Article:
NEB Approves Enbridge Proposal to Reverse Ontario Pipeline on Same Day Company Suffers Another Spill


Read this story from iPolitics on the National Energy Board’s conditional approval this past Friday for Enbridge to reverse the flow of its Line 9, enabling the company to ship oil to customers in Eastern Canada and the US. The decision was announced on the same day Enbridge produced yet another pipeline leak, this time in Wisconsin. (July 27, 2012)

CALGARY — The National Energy Board said Friday it has approved Enbridge Inc.’s plan to reverse the flow of part of an oil pipeline in southern Ontario.

The federal watchdog says it has imposed 15 conditions on the $16.9-million project, mainly having to do with pipeline integrity.

Line 9 currently flows from Montreal to Sarnia, Ont., but Enbridge wants to reconfigure it so it flows from west to east. Refiners in central and eastern Canada want to use cheaper Canadian crude instead of pricier oil imported by tanker from overseas.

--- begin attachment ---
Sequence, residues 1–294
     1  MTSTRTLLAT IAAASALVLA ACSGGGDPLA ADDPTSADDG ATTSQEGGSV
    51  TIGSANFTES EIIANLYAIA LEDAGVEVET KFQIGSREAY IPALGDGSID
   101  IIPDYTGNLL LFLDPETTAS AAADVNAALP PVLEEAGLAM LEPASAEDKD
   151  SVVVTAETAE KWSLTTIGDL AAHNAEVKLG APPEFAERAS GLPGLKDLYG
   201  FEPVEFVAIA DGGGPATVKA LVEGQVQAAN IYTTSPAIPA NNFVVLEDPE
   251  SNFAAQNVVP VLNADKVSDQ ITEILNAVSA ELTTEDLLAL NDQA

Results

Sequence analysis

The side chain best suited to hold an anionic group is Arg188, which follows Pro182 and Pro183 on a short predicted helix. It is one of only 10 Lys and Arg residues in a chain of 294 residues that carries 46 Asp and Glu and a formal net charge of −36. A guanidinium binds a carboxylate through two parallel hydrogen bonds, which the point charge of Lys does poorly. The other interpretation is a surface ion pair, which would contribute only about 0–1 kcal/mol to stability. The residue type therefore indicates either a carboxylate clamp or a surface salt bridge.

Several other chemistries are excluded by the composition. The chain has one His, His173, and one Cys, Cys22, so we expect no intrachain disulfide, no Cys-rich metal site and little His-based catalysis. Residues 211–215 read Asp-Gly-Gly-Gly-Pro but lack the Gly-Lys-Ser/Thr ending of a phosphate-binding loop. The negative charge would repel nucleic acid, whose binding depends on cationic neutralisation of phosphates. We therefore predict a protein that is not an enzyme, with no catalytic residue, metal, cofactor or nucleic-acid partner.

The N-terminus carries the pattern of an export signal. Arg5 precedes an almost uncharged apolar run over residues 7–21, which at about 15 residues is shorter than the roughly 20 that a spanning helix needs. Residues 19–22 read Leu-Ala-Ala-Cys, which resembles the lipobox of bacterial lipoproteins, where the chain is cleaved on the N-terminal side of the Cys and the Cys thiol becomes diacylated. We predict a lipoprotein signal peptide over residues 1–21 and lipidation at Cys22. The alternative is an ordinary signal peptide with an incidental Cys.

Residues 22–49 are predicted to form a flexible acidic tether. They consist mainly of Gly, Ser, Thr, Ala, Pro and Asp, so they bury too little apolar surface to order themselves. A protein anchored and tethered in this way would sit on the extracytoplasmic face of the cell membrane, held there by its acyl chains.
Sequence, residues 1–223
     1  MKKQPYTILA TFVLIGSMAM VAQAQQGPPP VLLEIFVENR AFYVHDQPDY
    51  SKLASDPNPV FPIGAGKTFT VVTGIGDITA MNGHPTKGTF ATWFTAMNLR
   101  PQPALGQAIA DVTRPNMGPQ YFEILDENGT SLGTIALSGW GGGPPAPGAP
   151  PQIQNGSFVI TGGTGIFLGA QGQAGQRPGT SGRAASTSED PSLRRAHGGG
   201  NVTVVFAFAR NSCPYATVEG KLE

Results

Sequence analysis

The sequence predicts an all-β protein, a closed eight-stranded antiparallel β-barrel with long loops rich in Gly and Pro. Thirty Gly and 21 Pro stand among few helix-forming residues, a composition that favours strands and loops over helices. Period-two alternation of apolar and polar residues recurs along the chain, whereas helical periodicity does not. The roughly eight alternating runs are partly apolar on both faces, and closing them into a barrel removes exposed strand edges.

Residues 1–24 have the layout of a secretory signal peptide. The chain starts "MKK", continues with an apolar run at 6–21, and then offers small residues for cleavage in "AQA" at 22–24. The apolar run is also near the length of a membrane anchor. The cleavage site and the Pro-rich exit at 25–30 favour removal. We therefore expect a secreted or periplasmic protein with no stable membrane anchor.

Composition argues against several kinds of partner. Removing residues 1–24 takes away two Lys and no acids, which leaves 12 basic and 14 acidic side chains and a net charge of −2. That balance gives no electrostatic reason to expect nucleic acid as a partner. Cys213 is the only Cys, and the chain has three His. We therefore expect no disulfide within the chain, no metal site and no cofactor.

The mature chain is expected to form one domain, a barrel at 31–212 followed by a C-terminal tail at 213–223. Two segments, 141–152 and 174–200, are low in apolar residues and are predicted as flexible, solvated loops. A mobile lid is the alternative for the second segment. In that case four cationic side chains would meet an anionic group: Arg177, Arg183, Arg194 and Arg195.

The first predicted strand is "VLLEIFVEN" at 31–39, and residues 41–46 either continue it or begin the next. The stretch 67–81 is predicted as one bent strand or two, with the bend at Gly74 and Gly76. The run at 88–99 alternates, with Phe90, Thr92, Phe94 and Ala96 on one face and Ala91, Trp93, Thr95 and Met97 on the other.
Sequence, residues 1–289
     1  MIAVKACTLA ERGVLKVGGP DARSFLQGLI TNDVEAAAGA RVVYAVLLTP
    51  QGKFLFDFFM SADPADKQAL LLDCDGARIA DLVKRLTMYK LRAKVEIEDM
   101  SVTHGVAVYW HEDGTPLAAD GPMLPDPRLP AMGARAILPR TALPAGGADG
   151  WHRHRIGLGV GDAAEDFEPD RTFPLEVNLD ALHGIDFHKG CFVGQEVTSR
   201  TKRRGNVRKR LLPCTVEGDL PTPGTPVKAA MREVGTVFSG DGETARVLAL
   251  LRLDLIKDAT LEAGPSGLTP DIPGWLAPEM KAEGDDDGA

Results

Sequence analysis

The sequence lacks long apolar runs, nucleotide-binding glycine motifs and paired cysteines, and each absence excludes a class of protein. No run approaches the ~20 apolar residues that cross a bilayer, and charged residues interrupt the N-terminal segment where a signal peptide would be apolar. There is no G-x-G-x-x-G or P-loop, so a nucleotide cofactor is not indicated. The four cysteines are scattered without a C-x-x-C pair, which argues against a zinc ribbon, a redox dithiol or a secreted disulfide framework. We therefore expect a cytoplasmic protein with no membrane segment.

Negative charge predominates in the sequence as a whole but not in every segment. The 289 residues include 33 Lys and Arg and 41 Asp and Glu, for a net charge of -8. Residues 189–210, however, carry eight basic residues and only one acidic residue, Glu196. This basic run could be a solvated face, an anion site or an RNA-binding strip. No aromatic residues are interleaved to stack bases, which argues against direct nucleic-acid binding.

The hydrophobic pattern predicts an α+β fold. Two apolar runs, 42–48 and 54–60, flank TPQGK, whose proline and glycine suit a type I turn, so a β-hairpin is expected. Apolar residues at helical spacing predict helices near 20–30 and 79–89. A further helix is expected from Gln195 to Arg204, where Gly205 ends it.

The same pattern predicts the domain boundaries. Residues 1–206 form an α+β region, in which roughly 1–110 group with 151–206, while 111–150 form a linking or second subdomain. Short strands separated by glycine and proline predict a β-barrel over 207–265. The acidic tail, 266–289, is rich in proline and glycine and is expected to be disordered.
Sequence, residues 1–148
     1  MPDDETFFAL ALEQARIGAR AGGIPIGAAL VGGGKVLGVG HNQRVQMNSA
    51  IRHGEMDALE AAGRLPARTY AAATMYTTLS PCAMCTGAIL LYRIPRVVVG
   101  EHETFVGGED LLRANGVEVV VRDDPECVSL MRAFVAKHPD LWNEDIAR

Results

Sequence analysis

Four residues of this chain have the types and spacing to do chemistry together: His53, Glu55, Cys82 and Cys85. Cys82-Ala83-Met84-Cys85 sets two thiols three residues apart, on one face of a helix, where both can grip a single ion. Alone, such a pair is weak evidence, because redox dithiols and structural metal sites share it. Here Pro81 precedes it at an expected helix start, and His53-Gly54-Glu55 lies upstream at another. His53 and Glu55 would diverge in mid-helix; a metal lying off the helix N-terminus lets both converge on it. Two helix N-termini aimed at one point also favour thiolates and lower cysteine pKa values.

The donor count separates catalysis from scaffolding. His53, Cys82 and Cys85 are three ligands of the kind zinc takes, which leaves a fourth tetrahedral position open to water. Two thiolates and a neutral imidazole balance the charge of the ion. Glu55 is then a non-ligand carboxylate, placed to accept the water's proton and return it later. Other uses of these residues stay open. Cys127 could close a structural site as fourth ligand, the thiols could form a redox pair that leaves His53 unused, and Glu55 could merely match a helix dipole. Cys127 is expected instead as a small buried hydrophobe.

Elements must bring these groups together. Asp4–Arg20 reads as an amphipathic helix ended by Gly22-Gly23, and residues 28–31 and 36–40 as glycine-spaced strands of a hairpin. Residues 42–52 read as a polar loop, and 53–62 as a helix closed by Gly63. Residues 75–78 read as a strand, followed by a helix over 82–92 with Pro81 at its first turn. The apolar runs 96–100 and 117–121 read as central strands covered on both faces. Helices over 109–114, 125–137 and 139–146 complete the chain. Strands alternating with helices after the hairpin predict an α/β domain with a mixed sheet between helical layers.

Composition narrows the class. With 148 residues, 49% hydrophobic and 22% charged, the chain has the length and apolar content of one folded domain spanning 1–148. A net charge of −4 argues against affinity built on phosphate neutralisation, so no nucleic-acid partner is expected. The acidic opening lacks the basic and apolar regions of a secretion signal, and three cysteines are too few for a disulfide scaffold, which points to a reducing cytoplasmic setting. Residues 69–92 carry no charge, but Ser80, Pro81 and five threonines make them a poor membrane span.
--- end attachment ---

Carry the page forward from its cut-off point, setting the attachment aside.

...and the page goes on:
The NEB approval pertains to the section of pipe between Sarnia, Ont., and Westover, Ont., near Hamilton.

In May the board held hearings where it heard concerns from the public about possible spills from the pipeline.

Labour Minister Lisa Raitt, a former natural resources minister, said the NEB decision is “quite important” as it helps improve pipeline access to Canada’s coasts and customers in the U.S.

Raitt said the reversal reflects what customers want and need and keeps Canada’s oil flowing in a way that is most economic, adding that customers on the east coast will be able to receive cheaper crude from North America rather than have to import it from abroad.

“Energy is a matter of national importance and the government welcomes efforts to better utilize our energy assets for the benefit of Canadians from coast to coast to coast,” said Raitt. “So in this respect the expansion and the diversification of our energy markets is one of our priorities.”

Enbridge rival TransCanada Corp. is also working on a plan to ship western Canadian crude east. It’s looking at converting its gas mainline, which is running part-empty, to gas service. It could ship between 400,000 and 900,000 barrels per day of oil, depending on customer demand.

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